Please tell us about your latest novels and what we can expect from your characters.
Simone: Well, I have one book in the stores (How to Ruin a Summer vacation), one coming out in April (Leaving Paradise) and the sequel to How to Ruin a Summer Vacation called How to Ruin my Teenage Life.
How to Ruin a Summer Vacation is a hilarious coming-of-age novel about a girl who has to go to Israel with her estranged father for the summer. She thinks she’s going to have the worst summer of her life and ends up having an adventure like she’d never imagined! (expect to laugh and cry because you never know what ridiculous shenanigans Amy is going to get herself into.)
Leaving Paradise is a complete 180 degree turnaround from How to Ruin… It’s about a boy who is being released from a juvenile detention center after being incarcerated for the past year for a hit-and-run drunk driving accident. He’s coming home – to the town called Paradise – and has to face the kids at school (he’s a senior in high school), his parents, and the girl he went to jail for hitting. It’s told in his point of view as well as the girl who got hit by the car in alternating chapters. (Caleb Becker and Maggie Armstrong’s lives have both been altered by the accident, and they both need to heal. What they don’t know is that in order to do that they need to trust each other once again.)
How to Ruin my Teenage Life is the sequel to How to Ruin a Summer Vacation. It’s the continuing story of Amy Nelson and her hilarious adventures back home in Chicago. She won’t disappoint readers looking for a spunky, snarky heroine.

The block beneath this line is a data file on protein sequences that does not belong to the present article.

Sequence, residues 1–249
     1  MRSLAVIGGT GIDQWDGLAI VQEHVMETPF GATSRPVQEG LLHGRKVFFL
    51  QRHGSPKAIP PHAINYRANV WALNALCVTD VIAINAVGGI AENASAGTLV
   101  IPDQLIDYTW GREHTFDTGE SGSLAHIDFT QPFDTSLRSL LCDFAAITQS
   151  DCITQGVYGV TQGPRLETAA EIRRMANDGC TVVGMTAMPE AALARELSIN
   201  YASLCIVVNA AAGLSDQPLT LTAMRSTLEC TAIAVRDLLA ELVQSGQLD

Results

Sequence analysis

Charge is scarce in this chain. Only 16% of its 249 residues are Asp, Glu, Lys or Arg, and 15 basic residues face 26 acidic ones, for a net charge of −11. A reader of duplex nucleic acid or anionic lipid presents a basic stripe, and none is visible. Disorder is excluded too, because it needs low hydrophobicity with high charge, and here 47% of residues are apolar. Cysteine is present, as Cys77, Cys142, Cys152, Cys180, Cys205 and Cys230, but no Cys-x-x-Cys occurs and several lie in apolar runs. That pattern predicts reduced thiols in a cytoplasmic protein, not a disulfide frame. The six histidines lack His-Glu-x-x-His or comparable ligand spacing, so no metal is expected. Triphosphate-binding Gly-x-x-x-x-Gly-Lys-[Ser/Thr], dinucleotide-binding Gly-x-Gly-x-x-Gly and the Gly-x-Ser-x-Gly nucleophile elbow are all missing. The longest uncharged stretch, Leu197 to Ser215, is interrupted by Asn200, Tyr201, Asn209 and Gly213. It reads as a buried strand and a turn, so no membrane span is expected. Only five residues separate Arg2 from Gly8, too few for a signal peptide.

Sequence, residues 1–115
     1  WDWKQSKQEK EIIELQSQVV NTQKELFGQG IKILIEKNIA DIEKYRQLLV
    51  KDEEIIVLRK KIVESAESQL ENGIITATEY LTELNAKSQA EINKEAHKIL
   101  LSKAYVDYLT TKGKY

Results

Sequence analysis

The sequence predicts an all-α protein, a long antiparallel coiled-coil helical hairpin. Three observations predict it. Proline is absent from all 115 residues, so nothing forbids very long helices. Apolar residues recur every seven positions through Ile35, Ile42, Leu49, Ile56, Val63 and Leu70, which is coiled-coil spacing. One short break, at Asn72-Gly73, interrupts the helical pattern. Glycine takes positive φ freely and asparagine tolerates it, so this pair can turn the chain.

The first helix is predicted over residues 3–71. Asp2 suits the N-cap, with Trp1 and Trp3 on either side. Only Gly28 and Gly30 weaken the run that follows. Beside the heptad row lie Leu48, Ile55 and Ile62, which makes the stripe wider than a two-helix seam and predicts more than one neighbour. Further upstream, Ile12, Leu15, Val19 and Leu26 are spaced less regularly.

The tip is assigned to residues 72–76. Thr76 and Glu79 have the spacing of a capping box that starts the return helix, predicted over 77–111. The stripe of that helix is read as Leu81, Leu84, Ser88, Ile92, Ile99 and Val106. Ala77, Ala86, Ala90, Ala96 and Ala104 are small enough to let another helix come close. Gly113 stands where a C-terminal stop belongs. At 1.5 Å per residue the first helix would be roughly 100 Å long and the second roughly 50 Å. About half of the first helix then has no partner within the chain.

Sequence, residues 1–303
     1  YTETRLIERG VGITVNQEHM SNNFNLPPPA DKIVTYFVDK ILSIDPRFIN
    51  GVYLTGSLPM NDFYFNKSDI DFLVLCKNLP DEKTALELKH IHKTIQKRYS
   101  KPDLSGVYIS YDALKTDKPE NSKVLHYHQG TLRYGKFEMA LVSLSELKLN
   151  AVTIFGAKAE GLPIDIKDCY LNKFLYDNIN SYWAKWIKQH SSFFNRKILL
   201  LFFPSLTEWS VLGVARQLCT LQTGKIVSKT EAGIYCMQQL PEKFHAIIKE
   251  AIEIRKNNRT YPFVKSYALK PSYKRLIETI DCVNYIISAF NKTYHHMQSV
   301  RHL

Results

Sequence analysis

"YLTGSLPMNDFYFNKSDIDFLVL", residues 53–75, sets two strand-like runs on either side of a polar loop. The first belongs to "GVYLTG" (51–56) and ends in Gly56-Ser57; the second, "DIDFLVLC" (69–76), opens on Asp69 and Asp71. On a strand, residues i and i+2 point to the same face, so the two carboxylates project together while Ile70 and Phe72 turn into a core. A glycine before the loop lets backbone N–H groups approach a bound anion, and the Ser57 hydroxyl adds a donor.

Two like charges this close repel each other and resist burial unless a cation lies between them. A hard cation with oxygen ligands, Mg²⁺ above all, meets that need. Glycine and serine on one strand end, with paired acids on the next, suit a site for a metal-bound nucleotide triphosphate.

They all sound great! What's up next? Do you have another project in the works? If so, please tell us about it.
Simone: I’m working on a proposal that is a four book series about four high school football players. They’re going to be funny and emotional, like most of my books. And told solely from the male point of view. I know I’m a girl, but I like writing from the male point of view. And they’re going to be edgy, so watch out.
Thank you again for sharing with us, Simone! Would you like to close with a writing tip?
Simone: Seriously, it’s the ones who don’t give up who get published. I know it’s hard to finish a book, but just do it. Sometimes each word will take you five minutes (or ten in my case) to come out of you. I promise if you don’t stop writing, and write through those achingly slow times, you’ll be triumphant. Because behind the slow times are the fast ones, where you’ll blink and you’ve written five pages. Stick with it and never give up on your dreams!
Simone was a teen in the 80’s and still overuses words like grody and totally, but resists the urge to wear blue eye shadow or say “Gag me with a spoon”. When Simone’s not writing, she’s speaking to middle and high schools or teaching writing to aspiring authors. In her spare time, she Tivo’s reality television and watches teen movies. She lives near Chicago with her family and two dogs. Simone loves to hear from her readers. Visit her at www.simoneelkeles.com or www.myspace.com/simonebooks and watch her book trailers!